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What is the best way to pass three dimensional arrays into functions in C?

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You really should pick another accepted answer. –  Jonas Nov 17 '09 at 13:47

4 Answers 4

up vote 5 down vote accepted

typedef is your friend.

#include <stdio.h>
typedef int dimension1[20]; /* define dimension1 as array of 20
                               elements of type int */
typedef dimension1 dimension2[10]; /* define dimension2 as array of 10
                                      elements of type dimension1 */

int foo(dimension2 arr[], size_t siz);

int main(void) {
  dimension2 dimension3[7] = {0}; /* declare dimension3 as an array of 7
                                     elements of type dimension2 */
  dimension3[4][3][2] = 9999;
  dimension3[4][0][12] = 1;
  dimension3[3][8][18] = 42;

  printf("%d\n", foo(dimension3, 7));

  return 0;
}

int foo(dimension2 arr[], size_t siz) {
  int d1, d2, d3;
  int retval = 0;
  for (d3=0; d3<siz; d3++) {
    for (d2=0; d2<sizeof *arr / sizeof **arr; d2++) {
      for (d1=0; d1<sizeof **arr / sizeof ***arr; d1++) {
        retval += arr[d3][d2][d1];
      }
    }
    /* edit: previous answer used definite types for the sizeof argument */
    //for (d2=0; d2<sizeof (dimension2) / sizeof (dimension1); d2++) {
    //  for (d1=0; d1<sizeof (dimension1) / sizeof (int); d1++) {
    //    retval += arr[d3][d2][d1];
    //  }
    //}
  }
  return retval;
}


Edit

I don't like the use of definite types as the argument to sizeof.
I added the way to get the sizes of the (sub-)arrays without directly specifying their types, but rather let the compiler infer the right type from the object definitions.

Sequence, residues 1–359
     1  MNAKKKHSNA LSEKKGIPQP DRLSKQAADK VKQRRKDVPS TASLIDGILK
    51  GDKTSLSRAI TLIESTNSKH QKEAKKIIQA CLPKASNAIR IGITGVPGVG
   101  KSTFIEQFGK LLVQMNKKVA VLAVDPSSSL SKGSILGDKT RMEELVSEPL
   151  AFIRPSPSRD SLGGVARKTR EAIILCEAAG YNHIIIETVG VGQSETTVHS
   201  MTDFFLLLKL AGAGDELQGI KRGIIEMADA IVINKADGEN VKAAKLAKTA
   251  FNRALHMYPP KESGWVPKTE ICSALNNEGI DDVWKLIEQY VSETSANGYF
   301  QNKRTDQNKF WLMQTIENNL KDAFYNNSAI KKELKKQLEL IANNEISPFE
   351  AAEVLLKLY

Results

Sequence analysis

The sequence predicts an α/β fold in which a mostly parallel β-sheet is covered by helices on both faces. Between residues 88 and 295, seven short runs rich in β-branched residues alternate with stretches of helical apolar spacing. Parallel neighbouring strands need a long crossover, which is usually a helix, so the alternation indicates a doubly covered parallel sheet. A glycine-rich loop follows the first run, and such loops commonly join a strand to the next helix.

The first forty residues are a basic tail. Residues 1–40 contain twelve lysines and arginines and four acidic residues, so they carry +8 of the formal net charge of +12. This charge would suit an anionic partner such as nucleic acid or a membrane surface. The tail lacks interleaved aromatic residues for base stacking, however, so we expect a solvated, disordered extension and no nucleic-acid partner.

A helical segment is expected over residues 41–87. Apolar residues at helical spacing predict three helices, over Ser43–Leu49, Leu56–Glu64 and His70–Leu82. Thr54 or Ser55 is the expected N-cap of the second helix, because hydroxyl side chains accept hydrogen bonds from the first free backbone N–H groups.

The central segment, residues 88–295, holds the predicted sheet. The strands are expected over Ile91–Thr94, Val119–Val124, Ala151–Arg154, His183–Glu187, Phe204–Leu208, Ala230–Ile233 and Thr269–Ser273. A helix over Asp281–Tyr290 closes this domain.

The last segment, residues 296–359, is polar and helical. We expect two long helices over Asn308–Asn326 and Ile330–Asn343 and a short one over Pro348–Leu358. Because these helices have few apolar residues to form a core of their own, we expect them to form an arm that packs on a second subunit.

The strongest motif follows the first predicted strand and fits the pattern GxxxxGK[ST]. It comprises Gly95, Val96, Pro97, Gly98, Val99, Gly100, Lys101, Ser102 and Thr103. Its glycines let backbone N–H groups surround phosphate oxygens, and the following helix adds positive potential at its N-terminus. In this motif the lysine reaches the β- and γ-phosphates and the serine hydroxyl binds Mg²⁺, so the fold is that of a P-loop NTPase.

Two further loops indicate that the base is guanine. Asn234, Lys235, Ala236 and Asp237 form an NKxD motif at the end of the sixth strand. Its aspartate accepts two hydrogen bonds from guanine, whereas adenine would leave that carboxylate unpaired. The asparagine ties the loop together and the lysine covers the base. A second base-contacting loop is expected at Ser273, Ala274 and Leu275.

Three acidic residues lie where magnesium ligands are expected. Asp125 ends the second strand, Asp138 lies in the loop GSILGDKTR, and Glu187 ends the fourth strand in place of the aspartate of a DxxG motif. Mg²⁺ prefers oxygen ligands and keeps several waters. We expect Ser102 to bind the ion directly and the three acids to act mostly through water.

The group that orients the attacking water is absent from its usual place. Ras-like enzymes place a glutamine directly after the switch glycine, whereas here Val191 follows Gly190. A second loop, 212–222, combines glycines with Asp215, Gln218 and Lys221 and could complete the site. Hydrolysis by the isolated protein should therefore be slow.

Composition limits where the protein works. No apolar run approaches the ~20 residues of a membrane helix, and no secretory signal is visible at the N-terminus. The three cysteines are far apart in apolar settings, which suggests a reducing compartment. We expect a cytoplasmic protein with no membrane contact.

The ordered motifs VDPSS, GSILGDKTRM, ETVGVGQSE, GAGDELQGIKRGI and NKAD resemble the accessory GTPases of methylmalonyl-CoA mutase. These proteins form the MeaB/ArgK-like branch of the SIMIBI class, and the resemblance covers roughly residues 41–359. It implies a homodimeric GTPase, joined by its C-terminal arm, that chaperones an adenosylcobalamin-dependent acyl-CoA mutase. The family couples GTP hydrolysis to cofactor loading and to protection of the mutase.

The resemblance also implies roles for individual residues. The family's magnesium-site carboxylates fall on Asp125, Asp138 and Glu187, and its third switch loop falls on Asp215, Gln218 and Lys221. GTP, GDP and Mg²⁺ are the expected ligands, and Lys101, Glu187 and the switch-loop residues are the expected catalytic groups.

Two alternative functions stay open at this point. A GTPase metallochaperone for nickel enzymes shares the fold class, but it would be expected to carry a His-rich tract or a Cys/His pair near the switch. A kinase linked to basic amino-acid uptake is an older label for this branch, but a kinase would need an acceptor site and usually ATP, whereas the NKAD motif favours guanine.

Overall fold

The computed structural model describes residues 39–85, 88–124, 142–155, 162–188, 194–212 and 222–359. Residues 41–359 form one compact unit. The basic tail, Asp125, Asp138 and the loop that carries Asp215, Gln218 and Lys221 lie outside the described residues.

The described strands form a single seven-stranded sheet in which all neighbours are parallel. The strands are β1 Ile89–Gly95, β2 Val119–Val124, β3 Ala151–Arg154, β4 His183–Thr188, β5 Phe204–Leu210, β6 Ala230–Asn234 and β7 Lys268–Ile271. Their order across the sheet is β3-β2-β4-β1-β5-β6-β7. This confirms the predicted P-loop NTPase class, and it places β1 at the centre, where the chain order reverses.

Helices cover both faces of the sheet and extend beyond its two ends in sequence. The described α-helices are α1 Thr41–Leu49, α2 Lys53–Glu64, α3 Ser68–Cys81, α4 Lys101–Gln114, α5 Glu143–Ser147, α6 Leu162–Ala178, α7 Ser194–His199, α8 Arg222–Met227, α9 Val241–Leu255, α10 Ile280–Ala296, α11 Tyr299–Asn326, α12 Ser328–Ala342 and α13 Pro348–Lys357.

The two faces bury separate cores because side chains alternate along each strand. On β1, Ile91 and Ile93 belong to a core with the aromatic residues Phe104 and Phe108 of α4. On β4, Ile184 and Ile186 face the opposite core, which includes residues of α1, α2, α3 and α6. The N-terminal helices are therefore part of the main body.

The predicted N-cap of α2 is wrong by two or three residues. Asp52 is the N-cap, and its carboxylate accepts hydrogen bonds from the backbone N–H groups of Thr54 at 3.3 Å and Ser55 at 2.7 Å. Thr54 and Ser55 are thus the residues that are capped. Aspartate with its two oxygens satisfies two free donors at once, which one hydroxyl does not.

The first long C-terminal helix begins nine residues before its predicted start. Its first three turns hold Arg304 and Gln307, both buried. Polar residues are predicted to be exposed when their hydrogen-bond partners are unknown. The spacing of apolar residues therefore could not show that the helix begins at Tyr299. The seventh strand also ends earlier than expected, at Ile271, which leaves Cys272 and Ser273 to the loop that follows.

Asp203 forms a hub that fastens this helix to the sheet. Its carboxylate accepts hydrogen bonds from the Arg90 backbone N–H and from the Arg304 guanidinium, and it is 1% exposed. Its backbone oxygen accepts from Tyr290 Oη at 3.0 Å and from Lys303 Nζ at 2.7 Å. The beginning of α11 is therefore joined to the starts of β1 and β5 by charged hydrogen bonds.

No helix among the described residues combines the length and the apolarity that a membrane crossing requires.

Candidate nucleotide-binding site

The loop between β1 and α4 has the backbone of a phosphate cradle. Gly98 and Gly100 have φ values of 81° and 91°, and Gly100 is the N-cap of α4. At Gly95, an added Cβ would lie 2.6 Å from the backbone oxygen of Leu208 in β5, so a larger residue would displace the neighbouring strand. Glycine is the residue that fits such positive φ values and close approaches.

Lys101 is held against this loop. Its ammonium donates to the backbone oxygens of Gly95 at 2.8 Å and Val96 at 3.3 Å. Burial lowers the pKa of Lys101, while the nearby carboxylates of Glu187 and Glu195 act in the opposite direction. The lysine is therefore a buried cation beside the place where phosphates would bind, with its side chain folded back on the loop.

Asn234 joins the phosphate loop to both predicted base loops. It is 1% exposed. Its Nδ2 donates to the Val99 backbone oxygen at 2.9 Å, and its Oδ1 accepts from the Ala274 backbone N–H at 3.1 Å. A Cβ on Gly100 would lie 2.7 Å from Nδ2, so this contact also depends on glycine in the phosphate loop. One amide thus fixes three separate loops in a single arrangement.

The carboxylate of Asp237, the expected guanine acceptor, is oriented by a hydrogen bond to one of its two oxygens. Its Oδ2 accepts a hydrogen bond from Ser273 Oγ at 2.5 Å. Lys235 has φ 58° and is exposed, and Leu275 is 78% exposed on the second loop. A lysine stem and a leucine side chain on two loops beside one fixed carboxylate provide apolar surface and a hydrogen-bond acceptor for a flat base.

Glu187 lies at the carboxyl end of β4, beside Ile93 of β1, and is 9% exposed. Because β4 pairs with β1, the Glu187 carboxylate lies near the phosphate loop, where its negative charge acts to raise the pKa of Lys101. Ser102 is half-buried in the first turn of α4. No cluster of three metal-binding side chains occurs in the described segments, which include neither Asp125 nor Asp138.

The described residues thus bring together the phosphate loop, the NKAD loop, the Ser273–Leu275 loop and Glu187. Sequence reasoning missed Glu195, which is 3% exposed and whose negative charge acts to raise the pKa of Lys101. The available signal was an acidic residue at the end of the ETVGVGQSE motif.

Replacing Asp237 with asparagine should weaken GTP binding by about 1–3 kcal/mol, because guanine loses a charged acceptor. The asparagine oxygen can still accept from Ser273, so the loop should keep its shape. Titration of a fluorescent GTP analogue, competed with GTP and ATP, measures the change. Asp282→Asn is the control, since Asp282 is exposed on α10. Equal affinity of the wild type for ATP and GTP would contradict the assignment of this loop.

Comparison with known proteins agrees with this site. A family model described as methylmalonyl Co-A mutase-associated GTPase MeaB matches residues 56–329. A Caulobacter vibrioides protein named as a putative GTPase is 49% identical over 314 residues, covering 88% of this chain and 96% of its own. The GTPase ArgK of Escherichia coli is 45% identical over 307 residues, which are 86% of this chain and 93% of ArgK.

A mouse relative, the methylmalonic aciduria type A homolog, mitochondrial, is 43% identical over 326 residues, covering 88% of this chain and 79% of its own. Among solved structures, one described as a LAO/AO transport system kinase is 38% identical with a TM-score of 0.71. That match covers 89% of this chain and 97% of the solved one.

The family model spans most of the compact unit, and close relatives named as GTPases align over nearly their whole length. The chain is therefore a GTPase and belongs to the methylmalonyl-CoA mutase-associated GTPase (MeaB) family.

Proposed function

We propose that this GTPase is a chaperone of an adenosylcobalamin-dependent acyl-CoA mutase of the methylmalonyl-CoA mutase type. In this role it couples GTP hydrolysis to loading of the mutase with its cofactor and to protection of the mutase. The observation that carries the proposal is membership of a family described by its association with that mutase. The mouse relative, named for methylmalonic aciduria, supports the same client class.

2nd Edit

As Per Eckman notes typedef-ing "bare" arrays can be dangerous. Note that in the code above, I'm not passing arrays themselves to the function foo. I am passing a pointer to a "lower level" array.

foo(), in the code above, accepts a pointer to an object of type dimension2. The dimension3 object is an array of elements of dimension2 type, not an object of dimension3 type (which isn't even defined).

But remember Per Eckman's note.

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Pass them as pointers.

Example

int a[N][M][P];

foo( &a[0][0][0]);

where foo is

void foo( int*)

You might need to pass the dimensions as well, so in such case you might need:

void foo( int*, int D1, int D2, int D3)

and call

foo( &a[0][0][0], N, M, P);
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Is the [0][0][0] necessary there? –  Cory Petosky Nov 17 '09 at 12:37
    
@Cory, yes it first gets at the first int, and takes it address. That gives the resulting expression type int* instead of array pointer like int(*)[N][M][P]. This is a good hack in my opinion, it can improve program clarity by not having to deal with constants everywhere. But it's formally not guaranteed to work, so use it with care (not sure what could go wrong though). –  Johannes Schaub - litb Nov 17 '09 at 12:43
    
@Cory, alternative ways to write that are &***a, a[0][0] and **a. –  Johannes Schaub - litb Nov 17 '09 at 12:51

It is required you have all but the left-most dimension to be defined at compile time.

#define DIM 5

void do_something(float array[][DIM][DIM])
{
    array[0][0][0] = 0;
    ...
}
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typedef-ing "bare" arrays can be dangerous.

Try this

#include <stdio.h>

typedef char t1[10];

void foo(t1 a) {
        t1 b;

        printf("%d %d\n", sizeof a, sizeof b);
}

int main(void) {
        t1 a;
        foo(a);
        return 0;
}

One would think that sizeof two variables of the same type would return the same size but not in this case. For this reason it's a good practice to wrap typedef-ed arrays in a struct.

typedef struct {
        char x[10];
} t1;
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+1 Very good reminder –  pmg Nov 17 '09 at 15:06

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